Medicare does not cover routine dental care, and two-thirds of the Medicare population have no dental coverage at all. With limited or no dental coverage, some incur high out-of-pocket costs, while others forgo need dental care because they can’t afford it. Policymakers in Washington and others are exploring ways to…
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Medicare does not cover routine dental care and the majority of Medicare beneficiaries do not have dental coverage. This brief examines five potential ways to make oral health care more available and affordable for the Medicare population. This brief reviews the limits of dental coverage permitted under current Medicare law, then describes each of the policy options, with an analysis of likely implications for key stakeholders, including Medicare beneficiaries, taxpayers, insurers, and dental professionals
This issue brief examines the latest facts about Medicare spending and financing, including the most recent historical and projected Medicare spending data from the Centers for Medicare and Medicaid Services Office of the Actuary, the 2019 annual report of the Boards of Medicare Trustees, and the 2019 Medicare baseline and projections from the Congressional Budget Office. It discusses historical and projected spending trends, program financing, Medicare’s financial condition, and the future outlook.
As Policymakers Debate Medicare-for-All, Analysis Finds the Medicare Advantage, Individual and Group Health Insurance Markets Appear to Be Profitable, Especially Medicare Advantage
Three key private health insurance markets — Medicare Advantage, the individual market and the fully-insured group market — appear to be financially healthy and attractive to insurers, according to a new KFF analysis. The private Medicare Advantage market generates significantly larger gross margins per person than the individual market or…
Three key private health insurance markets — Medicare Advantage, the individual market and the fully-insured group market — appear to be financially healthy and attractive to insurers. The private Medicare Advantage market generates significantly larger gross margins per person than the individual market or fully-insured market. The future of these markets has become a focus for policymakers amid the debate over Medicare for All.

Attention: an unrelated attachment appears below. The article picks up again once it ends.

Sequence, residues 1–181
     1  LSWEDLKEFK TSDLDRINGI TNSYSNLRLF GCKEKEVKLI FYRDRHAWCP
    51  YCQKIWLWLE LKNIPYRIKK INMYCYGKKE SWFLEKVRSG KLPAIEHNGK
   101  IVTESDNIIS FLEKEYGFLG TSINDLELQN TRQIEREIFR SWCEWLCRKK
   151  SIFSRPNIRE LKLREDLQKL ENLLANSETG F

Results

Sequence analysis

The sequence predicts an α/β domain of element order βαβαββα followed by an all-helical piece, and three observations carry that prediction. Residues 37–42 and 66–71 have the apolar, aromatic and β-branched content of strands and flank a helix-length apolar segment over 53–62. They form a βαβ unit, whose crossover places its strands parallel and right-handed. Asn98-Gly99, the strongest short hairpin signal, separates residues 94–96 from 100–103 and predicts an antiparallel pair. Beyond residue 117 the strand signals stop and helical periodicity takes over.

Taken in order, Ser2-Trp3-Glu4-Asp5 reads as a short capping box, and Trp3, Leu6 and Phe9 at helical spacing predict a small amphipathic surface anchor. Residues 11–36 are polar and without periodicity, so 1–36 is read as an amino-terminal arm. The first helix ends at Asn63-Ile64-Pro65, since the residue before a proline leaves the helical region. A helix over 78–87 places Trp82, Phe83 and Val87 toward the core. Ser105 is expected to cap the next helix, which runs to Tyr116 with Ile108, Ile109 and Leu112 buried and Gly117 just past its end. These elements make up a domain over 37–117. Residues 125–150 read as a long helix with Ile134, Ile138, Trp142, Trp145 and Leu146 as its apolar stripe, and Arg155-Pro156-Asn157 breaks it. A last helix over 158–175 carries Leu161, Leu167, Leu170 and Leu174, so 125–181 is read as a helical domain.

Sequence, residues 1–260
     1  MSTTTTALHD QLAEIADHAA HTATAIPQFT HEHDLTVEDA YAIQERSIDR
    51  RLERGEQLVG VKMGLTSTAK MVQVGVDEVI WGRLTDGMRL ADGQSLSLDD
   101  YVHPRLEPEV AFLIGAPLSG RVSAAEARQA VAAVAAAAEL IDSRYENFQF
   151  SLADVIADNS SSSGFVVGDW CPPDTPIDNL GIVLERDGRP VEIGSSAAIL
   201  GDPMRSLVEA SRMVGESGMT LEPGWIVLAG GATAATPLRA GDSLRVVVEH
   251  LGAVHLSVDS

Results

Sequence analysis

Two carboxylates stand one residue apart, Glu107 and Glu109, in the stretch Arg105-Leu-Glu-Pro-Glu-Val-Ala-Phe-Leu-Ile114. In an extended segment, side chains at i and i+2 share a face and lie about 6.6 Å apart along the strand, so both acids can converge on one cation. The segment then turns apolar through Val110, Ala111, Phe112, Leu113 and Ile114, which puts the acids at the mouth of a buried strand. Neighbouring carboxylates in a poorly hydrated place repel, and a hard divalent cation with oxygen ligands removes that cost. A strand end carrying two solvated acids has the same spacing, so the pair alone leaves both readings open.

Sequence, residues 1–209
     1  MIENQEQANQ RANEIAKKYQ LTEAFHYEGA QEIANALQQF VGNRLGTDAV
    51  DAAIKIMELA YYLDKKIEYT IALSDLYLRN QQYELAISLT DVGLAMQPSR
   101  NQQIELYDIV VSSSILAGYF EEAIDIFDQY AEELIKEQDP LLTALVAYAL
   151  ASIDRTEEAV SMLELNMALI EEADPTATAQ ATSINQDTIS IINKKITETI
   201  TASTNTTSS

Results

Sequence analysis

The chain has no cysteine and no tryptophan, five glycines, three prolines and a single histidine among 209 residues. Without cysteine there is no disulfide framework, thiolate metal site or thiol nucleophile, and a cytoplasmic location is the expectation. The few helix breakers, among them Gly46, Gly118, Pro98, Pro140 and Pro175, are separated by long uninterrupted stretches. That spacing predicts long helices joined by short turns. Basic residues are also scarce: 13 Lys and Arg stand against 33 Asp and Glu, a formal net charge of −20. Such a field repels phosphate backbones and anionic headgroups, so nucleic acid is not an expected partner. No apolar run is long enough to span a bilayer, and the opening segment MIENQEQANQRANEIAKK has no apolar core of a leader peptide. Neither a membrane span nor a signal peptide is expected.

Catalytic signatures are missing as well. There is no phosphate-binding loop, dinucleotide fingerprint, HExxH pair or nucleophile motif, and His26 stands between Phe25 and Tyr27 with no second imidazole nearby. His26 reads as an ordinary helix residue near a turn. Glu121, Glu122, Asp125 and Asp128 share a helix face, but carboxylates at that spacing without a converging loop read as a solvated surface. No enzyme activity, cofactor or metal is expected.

Less Than One-Third of New Medicare Beneficiaries Enrolled in Medicare Advantage During Their First Year on Medicare
Twenty-nine percent of new beneficiaries chose to enroll in Medicare Advantage during their first year in Medicare in 2016, finds a new KFF analysis. That level generally matches the overall share of beneficiaries who opted for Medicare Advantage that year, but does not support the view that the aging Baby…
Medicare Advantage enrollment has grown rapidly over the past decade, and Medicare Advantage plans have taken on a larger role in the Medicare program. More than 22 million Medicare beneficiaries (34%) are enrolled in Medicare Advantage plans in 2019. This data note provides updated information about Medicare Advantage enrollment trends, premiums, and out-of-pocket limits. It also includes analyses of Medicare Advantage plans’ extra benefits and prior authorization requirements.
The analysis examines enrollment in Medicare Advantage plans during beneficiaries’ first year on Medicare and finds that less than one-third or 29% enrolled in these private health plans, including HMOs or PPOs. The majority of people new to Medicare are choosing traditional Medicare in the year they first go on Medicare. The study looks at how these findings vary across age, Medicaid status, states, and counties.
This fact sheet includes the latest information and data about the Medicare Advantage program, including enrollment, plan information, spending and financing for the program, and payment and program changes made by the Affordable Care Act as well as other laws.
Beneficiaries Who Switch to Medicare Advantage Have Lower Medicare Spending and Use Fewer Services – In the Prior Year – Than Those Who Stay in Traditional Medicare
Medicare Advantage plans gain beneficiaries from traditional Medicare who have lower average spending and use fewer health services than similar beneficiaries who choose to remain in traditional Medicare, according to a new KFF analysis. The analysis finds that people who switched from traditional Medicare to Medicare Advantage in 2016 had…